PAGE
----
Most of this, in our opinion is for Google to be able to sell things to you that it thinks may be useful to you. You can leave this ticked or unticked once you’ve read their terms of service.
From here, click the blue ‘Get Tracking ID’ and you’re good to go.
Once you’ve clicked on the Get Tracking ID button, you will be redirected to the 'Admin' tab on the site dashboard.
You’ll now be presented with lots of options for the site you've registered. By clicking on the Tracking Info, you'll have 7 sidebar tabs will be as shown below.
The next tab below called User-ID lets you track the same user across multi devices i.e. if the same person uses a mobile device, then a desktop later in the day, then better data is collected if you could treat this site visitor as the same individual. It does require you to set up some technical details and this goes beyond the scope of this article. So, we're not going to delve into it right now.
Session Settings enables you to define how long a session should be. Most site owners leave it within the default settings, but you could choose to extend the session timeout to a maximum of four hours.
With the Organic Search Sources, you have a default selection of search engines and it is comprehensive. If there is a specific search engine that isn’t listed, you can add it here.
The Referral Exclusion List gives you the option of telling Google analytics to disavow specific referrals. If for any reason you don’t want to count the traffic from a certain source, then you can manually enter the source here. Naturally, your own site will be in this list as you don’t want interlinked traffic or menu links to be counted as referred traffic.
The Search Term Exclusion List will disavow traffic for specific search terms that you can manually enter here. Remember, this doesn’t mean that your site won’t receive traffic for a specific term, it just means that it won’t show up in analytics as you’ve chosen to ignore it.
Now that you’ve gone through the tracking code settings, you’re ready to place the analytics code into your site.
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Installing the Google Analytics code into a site
This part is straightforward. We can enter the analytics code into a either static site or using a CMS based dynamic site e.g. WordPress.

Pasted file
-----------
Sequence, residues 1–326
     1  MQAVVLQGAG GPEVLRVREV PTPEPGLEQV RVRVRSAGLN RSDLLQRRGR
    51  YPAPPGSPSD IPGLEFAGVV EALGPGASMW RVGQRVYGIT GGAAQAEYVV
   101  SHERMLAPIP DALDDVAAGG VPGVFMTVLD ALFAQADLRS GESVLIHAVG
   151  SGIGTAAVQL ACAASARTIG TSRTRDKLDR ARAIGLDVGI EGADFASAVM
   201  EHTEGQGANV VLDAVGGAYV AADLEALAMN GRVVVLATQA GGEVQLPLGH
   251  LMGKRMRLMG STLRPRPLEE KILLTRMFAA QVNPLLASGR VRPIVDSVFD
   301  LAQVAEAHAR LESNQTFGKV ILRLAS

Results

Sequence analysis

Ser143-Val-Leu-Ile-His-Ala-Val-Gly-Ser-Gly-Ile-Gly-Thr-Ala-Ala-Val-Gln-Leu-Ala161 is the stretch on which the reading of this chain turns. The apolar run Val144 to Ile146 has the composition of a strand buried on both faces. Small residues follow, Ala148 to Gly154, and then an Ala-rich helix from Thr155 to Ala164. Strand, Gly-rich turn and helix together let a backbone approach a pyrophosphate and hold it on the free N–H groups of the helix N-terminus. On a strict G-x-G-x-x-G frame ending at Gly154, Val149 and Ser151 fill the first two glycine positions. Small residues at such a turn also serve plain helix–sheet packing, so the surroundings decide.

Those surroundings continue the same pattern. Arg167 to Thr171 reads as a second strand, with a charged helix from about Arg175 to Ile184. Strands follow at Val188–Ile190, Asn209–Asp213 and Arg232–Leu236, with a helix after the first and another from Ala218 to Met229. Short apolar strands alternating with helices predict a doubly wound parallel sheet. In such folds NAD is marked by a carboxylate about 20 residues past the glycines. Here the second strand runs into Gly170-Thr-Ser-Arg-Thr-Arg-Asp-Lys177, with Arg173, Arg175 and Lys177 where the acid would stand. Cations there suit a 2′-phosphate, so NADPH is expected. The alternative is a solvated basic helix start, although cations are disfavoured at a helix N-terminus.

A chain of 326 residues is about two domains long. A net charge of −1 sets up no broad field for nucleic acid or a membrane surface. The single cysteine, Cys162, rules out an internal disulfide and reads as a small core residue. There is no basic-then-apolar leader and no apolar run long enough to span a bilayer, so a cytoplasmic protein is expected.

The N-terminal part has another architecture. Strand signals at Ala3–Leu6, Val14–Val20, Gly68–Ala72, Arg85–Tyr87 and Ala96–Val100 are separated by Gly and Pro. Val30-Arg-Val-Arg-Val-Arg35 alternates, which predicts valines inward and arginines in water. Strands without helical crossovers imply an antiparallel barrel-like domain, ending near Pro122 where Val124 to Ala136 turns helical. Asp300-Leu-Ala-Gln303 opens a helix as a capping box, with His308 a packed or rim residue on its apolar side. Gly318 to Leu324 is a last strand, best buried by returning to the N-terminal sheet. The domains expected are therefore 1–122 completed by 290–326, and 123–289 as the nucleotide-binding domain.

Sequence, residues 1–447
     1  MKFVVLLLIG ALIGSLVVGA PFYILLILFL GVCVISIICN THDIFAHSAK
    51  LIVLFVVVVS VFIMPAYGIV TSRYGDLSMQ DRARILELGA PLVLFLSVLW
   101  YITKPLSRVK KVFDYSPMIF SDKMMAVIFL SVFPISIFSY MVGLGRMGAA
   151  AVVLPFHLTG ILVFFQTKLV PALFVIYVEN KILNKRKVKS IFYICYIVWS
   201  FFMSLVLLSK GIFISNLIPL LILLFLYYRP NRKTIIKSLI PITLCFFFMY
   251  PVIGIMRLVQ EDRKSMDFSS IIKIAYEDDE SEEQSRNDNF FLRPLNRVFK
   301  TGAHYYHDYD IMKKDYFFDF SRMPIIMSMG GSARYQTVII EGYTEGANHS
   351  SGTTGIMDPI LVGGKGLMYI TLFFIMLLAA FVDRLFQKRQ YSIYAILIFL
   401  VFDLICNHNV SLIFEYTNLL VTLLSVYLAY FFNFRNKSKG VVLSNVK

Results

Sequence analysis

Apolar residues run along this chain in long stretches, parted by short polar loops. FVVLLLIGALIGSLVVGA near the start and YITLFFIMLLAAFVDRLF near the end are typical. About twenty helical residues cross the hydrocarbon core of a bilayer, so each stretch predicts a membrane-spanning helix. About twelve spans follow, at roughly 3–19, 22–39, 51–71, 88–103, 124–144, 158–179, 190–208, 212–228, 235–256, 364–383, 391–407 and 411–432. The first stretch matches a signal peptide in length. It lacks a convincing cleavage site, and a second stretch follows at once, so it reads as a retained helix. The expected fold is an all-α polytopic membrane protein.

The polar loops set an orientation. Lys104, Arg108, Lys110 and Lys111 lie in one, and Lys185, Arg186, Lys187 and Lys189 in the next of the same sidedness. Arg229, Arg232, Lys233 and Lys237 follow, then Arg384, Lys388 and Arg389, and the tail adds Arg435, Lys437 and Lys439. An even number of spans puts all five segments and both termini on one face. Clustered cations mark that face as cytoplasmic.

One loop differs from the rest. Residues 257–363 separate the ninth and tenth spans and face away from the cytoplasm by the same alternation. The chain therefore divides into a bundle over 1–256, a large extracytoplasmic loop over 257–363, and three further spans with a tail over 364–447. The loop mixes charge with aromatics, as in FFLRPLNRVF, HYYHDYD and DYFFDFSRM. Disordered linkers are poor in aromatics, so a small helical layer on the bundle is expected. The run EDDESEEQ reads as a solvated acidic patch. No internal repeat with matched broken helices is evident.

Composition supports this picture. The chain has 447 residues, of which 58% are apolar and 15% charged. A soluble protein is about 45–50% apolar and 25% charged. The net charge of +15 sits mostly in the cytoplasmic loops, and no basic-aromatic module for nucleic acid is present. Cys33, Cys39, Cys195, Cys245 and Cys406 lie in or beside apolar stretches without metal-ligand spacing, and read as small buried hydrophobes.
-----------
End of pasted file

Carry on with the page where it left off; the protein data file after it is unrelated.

Installing Google Analytics on a Static Site
Paste this snippet of code just before the head close i.e. where it says </head>.
If you have many pages on the site where you want to track the code, it’s much easier to insert this once and then for the other pages to automatically have it inserted into the head section.
You can use Dreamweaver’s templates folder to do this. Simply go to the .dwt file and paste the analytics tracking code before the head close. Dreamweaver will then ask if you want to update all files based on this template. Simply click Update, and you’re done.
Installing Google Analytics tracking code in WordPress
There are two ways to do it in WordPress. Firstly, is by entering the code in the backend or you can do it by using a plugin.
Installing it in the WordPress code
Go to the theme header (header.php) link and paste the code just before the </head> as shown by the image below. We're using the Charitas Lite theme in this example. You get here by going to 'Editor' and then selecting the header.php file from the right hand side.
A word of warning here in that if you’re unsure about this or don’t have a steady hand (!), then make a backup of the page before pasting the code. At least you’ll have the original header.php page if you inadvertently break the page.
An alternative way of changing this page is by using an FTP client if you prefer.
Install analytics code with a plugin
There are a number of free plugins that you can find. Most people use Yoast’s SEO tool or the All-in-One SEO pack. Both ask for you to enter the tracking ID provided by Google Analytics, making it quite straightforward. If you don't have these installed, there are other standalone plugins which do the same job.